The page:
Which Con For You?

I recently attended my first Wizard World comic convention.  It was a professional show and well attended.  Now that I’ve attended at least one each of the two major comic shows in Chicago, I’d thought I would do a comparison of them in hopes that I can demonstrate how you might pick out conventions to attend for yourself.  Not necessarily these conventions, but these *types* of conventions.

First, Wizard World has been up and down in the past few years, but this year seemed a strong show.  The show itself is based on featuring big name personalities, like Bruce Campbell, Patrick Stewart and more.  This is a good premise in that it will attract a lot of fans.  The downside is that a number of fans, who have had to wait on queue for hours to see their favorite star, then bolt for the door as they’ve spent their money and their time just on the personality.  This is not the norm, but happened frequently.

The other thing I noticed is that Wizard World (at least this year) did not feature any big name publishers.  DC and Marvel were not there.  There were plenty of vendors selling comics and collectibles to empty your bank account quickly, but I was curious why no big name publishers at all.

The only complaint I had was that Artist Alley was in the back, as is normal, but the show had little to motivate fans to go back there.  By comparison, C2E2 had a line of celebrities against the one wall forcing attendees to walk the entire show floor.  This I think is a big plus and I did see a significant increase in traffic at C2E2 earlier this year.  I also sold more, but I am ahead of myself a bit.

Another big plus for Wizard World was it was at Rosemont Convention Center near the O’hare Airport.  EASY to get in and out of for Artist Alley and they were very relaxed about we artists hauling in our own stuff.  C2E2 by contrast is at McCormick Place near the lake and due to it’s design, is not as easily accessed by artists who simply want to haul in their stuff to sell.  Also, Wizard World had a parking pass for the entire weekend for one fee that allowed In and Out privileges, something sorely missing at C2E2.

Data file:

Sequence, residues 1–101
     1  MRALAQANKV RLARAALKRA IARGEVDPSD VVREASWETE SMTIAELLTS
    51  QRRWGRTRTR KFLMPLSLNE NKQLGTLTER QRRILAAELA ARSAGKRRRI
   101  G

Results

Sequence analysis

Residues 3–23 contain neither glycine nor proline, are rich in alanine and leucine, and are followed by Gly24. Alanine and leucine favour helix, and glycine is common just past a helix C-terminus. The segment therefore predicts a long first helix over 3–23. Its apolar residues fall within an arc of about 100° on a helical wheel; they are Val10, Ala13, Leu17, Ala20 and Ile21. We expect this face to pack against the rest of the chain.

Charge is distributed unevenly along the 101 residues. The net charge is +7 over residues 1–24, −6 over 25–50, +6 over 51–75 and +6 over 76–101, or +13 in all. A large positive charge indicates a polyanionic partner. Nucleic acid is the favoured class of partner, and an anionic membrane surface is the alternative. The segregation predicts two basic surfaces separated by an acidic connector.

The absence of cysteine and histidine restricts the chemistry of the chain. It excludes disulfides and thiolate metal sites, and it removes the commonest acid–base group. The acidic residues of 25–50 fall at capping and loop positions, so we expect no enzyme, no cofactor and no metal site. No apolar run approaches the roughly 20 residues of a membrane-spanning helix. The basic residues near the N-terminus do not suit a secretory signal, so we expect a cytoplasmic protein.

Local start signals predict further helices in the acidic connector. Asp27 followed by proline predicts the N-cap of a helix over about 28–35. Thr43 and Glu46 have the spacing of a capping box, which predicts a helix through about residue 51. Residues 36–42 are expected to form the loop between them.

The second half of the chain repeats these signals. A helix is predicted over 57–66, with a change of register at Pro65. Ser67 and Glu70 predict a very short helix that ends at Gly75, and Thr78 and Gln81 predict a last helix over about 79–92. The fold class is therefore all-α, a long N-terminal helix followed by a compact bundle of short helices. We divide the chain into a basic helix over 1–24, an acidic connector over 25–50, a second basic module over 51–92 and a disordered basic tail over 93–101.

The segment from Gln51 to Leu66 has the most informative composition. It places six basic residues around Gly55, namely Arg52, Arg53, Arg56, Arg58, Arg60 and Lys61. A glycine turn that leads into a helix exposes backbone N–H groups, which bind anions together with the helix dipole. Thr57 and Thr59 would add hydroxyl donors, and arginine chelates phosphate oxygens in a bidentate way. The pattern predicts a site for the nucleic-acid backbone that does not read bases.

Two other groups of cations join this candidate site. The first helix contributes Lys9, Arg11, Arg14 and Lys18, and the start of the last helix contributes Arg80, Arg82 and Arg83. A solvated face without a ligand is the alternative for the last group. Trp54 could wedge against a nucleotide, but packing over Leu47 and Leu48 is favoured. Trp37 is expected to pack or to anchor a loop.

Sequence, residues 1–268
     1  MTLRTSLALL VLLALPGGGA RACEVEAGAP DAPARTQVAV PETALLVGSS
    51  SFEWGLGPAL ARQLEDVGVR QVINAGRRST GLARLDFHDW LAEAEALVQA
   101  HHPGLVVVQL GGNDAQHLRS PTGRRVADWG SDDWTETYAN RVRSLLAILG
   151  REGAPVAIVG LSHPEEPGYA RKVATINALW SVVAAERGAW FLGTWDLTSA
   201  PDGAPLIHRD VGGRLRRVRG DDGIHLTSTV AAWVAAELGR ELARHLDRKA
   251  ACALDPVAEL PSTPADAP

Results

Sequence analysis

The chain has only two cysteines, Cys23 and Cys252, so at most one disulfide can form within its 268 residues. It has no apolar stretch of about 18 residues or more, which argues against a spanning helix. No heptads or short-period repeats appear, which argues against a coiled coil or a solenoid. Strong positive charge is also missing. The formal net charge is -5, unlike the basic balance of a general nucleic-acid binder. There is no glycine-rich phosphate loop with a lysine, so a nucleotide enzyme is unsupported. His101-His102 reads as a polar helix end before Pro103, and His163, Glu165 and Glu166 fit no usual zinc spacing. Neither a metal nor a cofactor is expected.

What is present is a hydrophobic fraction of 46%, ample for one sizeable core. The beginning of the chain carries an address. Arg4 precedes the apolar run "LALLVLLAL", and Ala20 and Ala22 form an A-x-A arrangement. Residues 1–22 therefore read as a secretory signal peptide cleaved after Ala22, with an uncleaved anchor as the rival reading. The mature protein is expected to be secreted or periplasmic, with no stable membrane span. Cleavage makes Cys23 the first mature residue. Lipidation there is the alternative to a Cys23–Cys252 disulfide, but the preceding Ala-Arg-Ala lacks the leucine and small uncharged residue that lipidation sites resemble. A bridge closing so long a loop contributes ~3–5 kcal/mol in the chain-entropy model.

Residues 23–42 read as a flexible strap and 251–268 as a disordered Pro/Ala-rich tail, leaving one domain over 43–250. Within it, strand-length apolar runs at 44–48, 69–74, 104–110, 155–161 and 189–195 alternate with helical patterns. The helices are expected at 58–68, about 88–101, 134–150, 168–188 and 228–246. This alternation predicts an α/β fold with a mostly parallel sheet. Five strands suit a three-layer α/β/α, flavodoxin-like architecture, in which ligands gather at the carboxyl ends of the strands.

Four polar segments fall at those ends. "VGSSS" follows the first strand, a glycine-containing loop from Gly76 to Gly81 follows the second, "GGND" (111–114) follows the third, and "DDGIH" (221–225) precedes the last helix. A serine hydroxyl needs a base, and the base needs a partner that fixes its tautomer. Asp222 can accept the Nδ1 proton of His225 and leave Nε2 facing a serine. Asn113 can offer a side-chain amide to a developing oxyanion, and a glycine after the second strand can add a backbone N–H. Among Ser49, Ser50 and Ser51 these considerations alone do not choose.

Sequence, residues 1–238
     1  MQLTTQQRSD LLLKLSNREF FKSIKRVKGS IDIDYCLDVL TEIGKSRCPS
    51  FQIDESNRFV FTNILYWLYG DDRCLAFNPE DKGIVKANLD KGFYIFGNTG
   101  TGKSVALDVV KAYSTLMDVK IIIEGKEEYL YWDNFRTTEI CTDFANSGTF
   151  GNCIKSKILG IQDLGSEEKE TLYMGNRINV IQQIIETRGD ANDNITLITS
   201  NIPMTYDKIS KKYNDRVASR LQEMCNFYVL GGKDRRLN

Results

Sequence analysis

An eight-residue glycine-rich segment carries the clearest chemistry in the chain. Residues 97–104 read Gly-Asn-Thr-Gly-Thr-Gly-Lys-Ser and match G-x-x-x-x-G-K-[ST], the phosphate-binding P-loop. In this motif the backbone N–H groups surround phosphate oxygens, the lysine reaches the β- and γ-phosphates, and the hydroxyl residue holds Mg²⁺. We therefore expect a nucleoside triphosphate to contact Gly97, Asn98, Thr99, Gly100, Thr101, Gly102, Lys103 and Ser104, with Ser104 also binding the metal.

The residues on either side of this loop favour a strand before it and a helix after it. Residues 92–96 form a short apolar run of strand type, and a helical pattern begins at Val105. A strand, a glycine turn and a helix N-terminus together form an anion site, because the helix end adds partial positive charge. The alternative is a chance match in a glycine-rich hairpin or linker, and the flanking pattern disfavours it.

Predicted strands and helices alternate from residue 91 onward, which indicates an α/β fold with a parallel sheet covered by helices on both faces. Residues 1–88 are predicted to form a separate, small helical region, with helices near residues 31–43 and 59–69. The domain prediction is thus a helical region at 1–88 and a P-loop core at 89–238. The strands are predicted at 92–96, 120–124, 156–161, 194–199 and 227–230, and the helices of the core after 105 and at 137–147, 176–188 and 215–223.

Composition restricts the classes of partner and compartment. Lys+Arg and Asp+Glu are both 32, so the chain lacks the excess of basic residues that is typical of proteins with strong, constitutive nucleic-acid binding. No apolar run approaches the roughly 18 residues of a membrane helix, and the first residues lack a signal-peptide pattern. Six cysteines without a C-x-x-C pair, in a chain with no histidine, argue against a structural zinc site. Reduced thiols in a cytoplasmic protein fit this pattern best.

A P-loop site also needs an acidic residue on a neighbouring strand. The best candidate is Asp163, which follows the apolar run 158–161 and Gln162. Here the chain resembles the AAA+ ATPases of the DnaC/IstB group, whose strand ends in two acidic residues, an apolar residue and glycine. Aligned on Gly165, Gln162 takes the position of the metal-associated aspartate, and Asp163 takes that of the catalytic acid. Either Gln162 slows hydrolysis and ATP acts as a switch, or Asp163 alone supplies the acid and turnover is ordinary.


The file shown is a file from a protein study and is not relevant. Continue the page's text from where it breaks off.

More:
If Wizard World had the layout of C2E2, I think the vibe in Artist Alley would have been much better and we all would have done better.  This is a big hint to that show’s organizers.  Go walk your competition’s show and learn a few things.

Now, C2E2, by comparison, had major publishers there and a fair amount of big name celebrities.  Not the same league as Wizard World, but still respectable.  Despite the pains of moving in and parking fees, C2E2 was a well organized show that hit its marks perfectly.  For only its second year, this year’s C2E2 was one of my best conventions for sales and I had a larger number of readers come by the booth.  This show seems more comic based as opposed to Wizard World that is more celebrity based.  As such, I may have been getting to my market better as compared to the celebrity based Wizard World.

I think the main thing here is the *type* of convention it is.  It is hard to know until you actually attend or display at a convention.  It is not always possible, but it is worth your time to go attend a convention first before buying a table and investing time and money into a show that will not bring you your intended audience.  Whether it’s a good show or not, it still may not be your market.

So, Wizard World Chicago 2011 was a good show, as was C2E2’s sophomore outing.  But, which one is right for you?  Hopefully you can better see with my comparisons!

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Posted in Conventions, Featured News, Helpful Hints.

7 Comments

  1. This is good advice. We’ve tried a variety of types of cons this year to see which are the most appropriate. And I’ve gotta say, the type of show you might think you SHOULD do well at, might be exactly the wrong type of show.

  2. No where as well as we’d thought/hoped. I’ve been pondering it since then, and talking with some others and it seems like there really has been a shift in the market or audience. Or at least there is for these large shows. They seem to be more about the show itself, dressing up, spending time immersed in a fan environment. Artists Alley, while it stretched the length of the hall, was far more weighted towards people selling ‘prints’ of other people’s characters, crafts, buttons etc. There was some comics, are there were the freelancers along the wall, but many of those were just fancy versions of the print sellers. And the people where more inclined to get excited by something that was ‘sick!’ and ‘cool’ but even then they didn’t buy it.
    We’re doing Word on the Street in a few weeks and hoping that it’s more reading focused audience will be more receptive. When we did it years ago, it was always very good.
    I think in future, we’re more likely to try and stick to the TCAF type shows, focused on just comics and not on the fandom sideshow type stuff.
    Hope you did well, enjoying the podcasts.

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